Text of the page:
Tribal Economies

Navajo President Jonathan Nez holds the tribe’s primary lead

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FLAGSTAFF, Ariz. — Navajo Nation President Jonathan Nez took the lead in the tribe’s primary election on Tuesday, followed by Buu Nygren, a former running mate.

Navajo voters decided which two of 15 presidential candidates they wanted to run in the tribe’s general election in November. Nez and Nygren led the pack with about 80 of 110 precincts reported, according to unofficial Navajo Election Administration results.

They were attended by attorney Justin Jones and former tribal attorney general Ethel Branch. Potentially thousands of votes were still up in the air Tuesday night in some of the reservation’s most crowded locations.

Candidates set up tents across the Navajo Nation on Tuesday, offering fried bread and other food to voters as they made one last campaign push. Election Day is a social event in the Navajo Nation, although some precautions were still in place due to the coronavirus pandemic.

Candidate platforms included economic development, ensuring Navajo people have basic infrastructure such as running water and electricity, and finding ways to preserve the Navajo language. They also pledged to pressure the federal government to fulfill its duty to provide public safety, health care and education to the tribe.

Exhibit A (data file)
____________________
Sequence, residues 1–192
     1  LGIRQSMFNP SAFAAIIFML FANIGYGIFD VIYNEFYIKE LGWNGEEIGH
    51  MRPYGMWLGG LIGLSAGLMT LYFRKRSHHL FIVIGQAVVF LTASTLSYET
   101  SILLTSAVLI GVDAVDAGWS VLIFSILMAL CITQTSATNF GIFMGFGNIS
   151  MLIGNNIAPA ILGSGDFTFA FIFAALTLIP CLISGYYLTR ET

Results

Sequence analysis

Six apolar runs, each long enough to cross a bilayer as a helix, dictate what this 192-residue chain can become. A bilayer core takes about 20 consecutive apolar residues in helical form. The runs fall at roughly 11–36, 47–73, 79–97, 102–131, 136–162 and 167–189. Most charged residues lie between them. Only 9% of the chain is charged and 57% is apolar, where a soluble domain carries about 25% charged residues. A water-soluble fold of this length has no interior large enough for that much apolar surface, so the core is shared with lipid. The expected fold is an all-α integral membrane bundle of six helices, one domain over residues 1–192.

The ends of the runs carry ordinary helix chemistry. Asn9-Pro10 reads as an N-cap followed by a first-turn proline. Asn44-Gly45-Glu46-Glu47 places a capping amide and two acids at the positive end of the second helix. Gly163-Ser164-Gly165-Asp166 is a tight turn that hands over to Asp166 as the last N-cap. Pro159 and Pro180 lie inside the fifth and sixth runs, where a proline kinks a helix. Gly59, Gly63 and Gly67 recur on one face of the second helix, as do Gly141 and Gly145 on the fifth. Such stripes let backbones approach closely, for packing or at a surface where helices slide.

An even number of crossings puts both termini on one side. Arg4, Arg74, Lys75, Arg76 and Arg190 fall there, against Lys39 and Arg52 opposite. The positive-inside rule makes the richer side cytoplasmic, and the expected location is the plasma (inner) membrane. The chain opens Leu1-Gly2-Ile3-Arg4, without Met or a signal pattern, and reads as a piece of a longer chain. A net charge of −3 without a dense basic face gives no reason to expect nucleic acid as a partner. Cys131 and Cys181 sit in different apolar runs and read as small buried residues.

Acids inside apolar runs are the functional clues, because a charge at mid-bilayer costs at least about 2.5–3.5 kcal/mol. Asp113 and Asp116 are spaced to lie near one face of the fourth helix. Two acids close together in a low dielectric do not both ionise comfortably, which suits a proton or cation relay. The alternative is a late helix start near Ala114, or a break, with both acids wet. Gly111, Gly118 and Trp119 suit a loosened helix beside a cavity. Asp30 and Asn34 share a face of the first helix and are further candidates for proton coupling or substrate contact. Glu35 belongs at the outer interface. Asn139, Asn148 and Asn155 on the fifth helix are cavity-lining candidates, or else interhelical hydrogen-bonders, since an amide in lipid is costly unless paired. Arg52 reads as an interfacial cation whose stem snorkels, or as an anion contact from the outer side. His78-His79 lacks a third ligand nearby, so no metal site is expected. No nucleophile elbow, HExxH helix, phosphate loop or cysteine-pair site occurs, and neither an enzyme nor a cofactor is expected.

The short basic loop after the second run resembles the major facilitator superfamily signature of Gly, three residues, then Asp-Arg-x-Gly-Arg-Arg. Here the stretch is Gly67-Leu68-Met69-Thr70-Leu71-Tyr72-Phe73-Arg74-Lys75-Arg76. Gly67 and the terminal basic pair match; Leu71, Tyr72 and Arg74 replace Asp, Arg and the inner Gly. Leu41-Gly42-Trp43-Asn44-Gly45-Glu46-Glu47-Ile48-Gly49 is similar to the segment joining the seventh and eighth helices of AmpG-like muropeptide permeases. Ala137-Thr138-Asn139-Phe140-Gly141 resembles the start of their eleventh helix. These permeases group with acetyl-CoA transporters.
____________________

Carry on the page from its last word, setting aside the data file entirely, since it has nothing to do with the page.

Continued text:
More than 123,000 Navajos have registered to vote in the primary, which is being held on the same day as the Arizona primary. The tribe typically records a turnout of around 50%. Polls closed at 7 p.m. Mountain Time.

Election workers were reporting results from an athletic center in the tribal capital of Window Rock that was closed to the public this year due to coronavirus precautions.

The Navajo Nation is the largest Native American reservation in the United States, covering 27,000 square miles (69,930 square kilometers) of high desert, forests, windswept mesas and mountains bordering New Mexico, Arizona and Utah. Its population of 406,000 is second only to the Cherokee Nation of Oklahoma.

Nez says he will bring continuity to tribal government at a time when he is tasked with spending more than $1 billion in federal coronavirus relief funding.

Nygren, who was running for vice president in 2018, considers himself a diplomat capable of working with tribal lawmakers.

Jones said he would untangle Navajo regulations to better support small businesses.

Branch is one of six vying to become the first woman to lead the Navajo Nation. The others are: educator Dolly Mason; academic Leslie Tsosie; Chinle Chapter President Rosanna Jumbo-Fitch; Frankie Davis, who advocated for natural resource extraction; former New Mexico State Legislator Sandra Jeff; and Emily Ellison, who says she will push the federal government to give the Navajo Nation title to their lands if elected.

The other candidates are: Greg Bigman, chairman of the Diné College Board of Regents; former Navajo Vice President Frank Dayish; Earl Sombrero, director of the Ts’ah Bii Kin chapter; and Dineh Benally and Kevin Cody, who both sought the Tribal Presidency in 2018.